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The Melting Pot

A digital, cultural conversation

The art of the meme is a curious one.

My friends started a Facebook meme war a few weeks ago, posting meme after meme of their favorite meme-able person in our friend group – we probably spent hours laughing at the clarity and poignancy of some of the images. Identities were captured and held in time with the meme, thus kick-starting my intrigue with them.

Ooh. Awkward.

Culturally, the idea of a meme stems from the generator that spreads from person to person in a wave of popularity. Some claim they evolve by the process of natural selection and evolution, and retain popularity biologically.

Enter dot-com boom and Internet era.

Memes now litter Facebook, Twitter, Reddit, as well as just-for-meme sites like quickmeme – you name the site, a meme has probably had some semblance of a stint on it. Memes have taken the Internet world by a storm.

They’re annoying, definitely. Memes circle around and get liked and favorited more times than anyone would ever like to count. Everyone gets bored of them – really, how many Chuck Testa memes can you pretend are still funny three months later? The stupidity of our culture is exaggerated in crude images that become insanely popular, seemingly deprecating the human race and its values. They almost always involve reinforcing stereotypes and furthering everything that’s wrong about society today.

“Meme” in French means “same.” And in a way, the meme’s definition captures it in a repetitive light – the same ideas and concepts are in each frame, repeated and circulated around the Internet. College Freshman, High Expectations Asian Father and Socially Awkward Penguin and others have series of memes, all tying back to the same themes: being a lost/alone freshman, always striving for success and being different, in these memes’ cases. They’re repetitions of sex, drugs and college life – the same photographs over and over, the same rhythm of phrase and then funnier phrase. Thanks, Facebook news feed, for being cluttered every day with the same remnants of a superficial, repetitive meme circle of life.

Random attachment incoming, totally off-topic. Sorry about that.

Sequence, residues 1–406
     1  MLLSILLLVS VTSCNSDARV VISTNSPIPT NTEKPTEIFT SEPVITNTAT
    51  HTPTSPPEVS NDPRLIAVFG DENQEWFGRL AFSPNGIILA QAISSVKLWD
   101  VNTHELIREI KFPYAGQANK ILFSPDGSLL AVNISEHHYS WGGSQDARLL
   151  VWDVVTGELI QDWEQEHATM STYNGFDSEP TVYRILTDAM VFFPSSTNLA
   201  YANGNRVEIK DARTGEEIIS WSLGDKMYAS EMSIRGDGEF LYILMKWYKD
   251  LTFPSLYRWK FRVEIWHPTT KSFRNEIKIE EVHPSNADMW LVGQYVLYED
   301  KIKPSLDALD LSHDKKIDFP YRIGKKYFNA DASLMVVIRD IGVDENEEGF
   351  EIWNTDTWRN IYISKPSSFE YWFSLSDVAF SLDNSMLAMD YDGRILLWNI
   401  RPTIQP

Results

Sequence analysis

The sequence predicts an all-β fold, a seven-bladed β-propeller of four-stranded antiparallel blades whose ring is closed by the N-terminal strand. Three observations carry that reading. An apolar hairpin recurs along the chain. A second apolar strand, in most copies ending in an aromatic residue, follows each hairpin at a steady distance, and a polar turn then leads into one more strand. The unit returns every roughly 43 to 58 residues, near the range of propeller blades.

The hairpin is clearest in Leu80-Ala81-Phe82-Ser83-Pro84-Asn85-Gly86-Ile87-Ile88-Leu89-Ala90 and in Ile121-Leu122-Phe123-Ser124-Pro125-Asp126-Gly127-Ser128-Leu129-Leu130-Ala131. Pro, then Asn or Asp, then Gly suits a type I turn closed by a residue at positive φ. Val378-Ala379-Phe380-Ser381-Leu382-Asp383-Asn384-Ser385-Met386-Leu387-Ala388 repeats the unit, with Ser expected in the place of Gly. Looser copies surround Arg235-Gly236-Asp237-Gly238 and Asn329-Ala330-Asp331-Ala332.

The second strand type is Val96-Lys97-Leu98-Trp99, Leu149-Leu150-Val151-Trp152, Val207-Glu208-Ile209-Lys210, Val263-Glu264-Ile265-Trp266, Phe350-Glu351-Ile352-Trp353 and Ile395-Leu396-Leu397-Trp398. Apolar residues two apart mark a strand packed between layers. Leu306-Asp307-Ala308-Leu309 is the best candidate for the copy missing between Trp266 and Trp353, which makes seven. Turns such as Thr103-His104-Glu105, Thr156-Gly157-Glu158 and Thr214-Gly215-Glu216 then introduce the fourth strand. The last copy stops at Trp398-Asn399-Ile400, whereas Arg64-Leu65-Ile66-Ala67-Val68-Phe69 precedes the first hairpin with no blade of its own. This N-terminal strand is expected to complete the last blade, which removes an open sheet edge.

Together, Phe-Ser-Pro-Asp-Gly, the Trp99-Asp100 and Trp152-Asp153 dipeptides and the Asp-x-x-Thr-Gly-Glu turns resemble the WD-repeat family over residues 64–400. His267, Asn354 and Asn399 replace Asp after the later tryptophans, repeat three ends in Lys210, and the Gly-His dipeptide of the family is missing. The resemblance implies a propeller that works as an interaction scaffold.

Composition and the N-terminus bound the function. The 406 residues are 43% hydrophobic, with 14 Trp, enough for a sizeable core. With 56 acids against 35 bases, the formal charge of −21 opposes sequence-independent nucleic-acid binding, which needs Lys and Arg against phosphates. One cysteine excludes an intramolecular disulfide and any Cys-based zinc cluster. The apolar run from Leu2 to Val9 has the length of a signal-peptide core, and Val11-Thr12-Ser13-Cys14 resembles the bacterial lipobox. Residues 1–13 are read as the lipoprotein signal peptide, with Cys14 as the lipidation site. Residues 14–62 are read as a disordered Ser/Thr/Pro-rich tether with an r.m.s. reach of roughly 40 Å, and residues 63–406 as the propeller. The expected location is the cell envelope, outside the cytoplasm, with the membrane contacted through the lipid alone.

But as much as there is wrong with the meme, there’s also something innately very human about it. It takes complicated ideas, like moving to college for the first time, being a blue-collar worker or living a

Poor guy. He's all alone in a completely different world.

day-to-day life, and breaks them down to simpler versions, summing up everything in just a sentence. Though these stereotypes are harsh, they are somewhat based in a shred of truth. Memes strip down truths to their cores, and helps us understand the world around us better.

I’m sure analysts and researchers are marveling at the impact of memes; what they try to explain in pages and pages is told just as expressively in a meme, and often in a more engaging and memorable way. Yes, it seems that we become increasingly superficial through the meme-age – we marvel at the accuracy of a simple one-liner in a complex world. But by reading the poignancies of others, we find ourselves better; because of the human aspect prevalent in memes, we discover our own nuances by reading pieces of ourselves and realizing our connections to both meme-able characters and our flaws among them – as funny or sad as they may be. We realize pieces of our identity and put them together to reveal the big puzzle of who we are – both as individuals and as a human race.

I now look at a meme and beyond the stupidity – I see the poignance. I feel something for the character – a connectedness, perhaps, or an ability to relate – that humanizes across different Internet cultures and cities and reminds me that we aren’t so different, after all.


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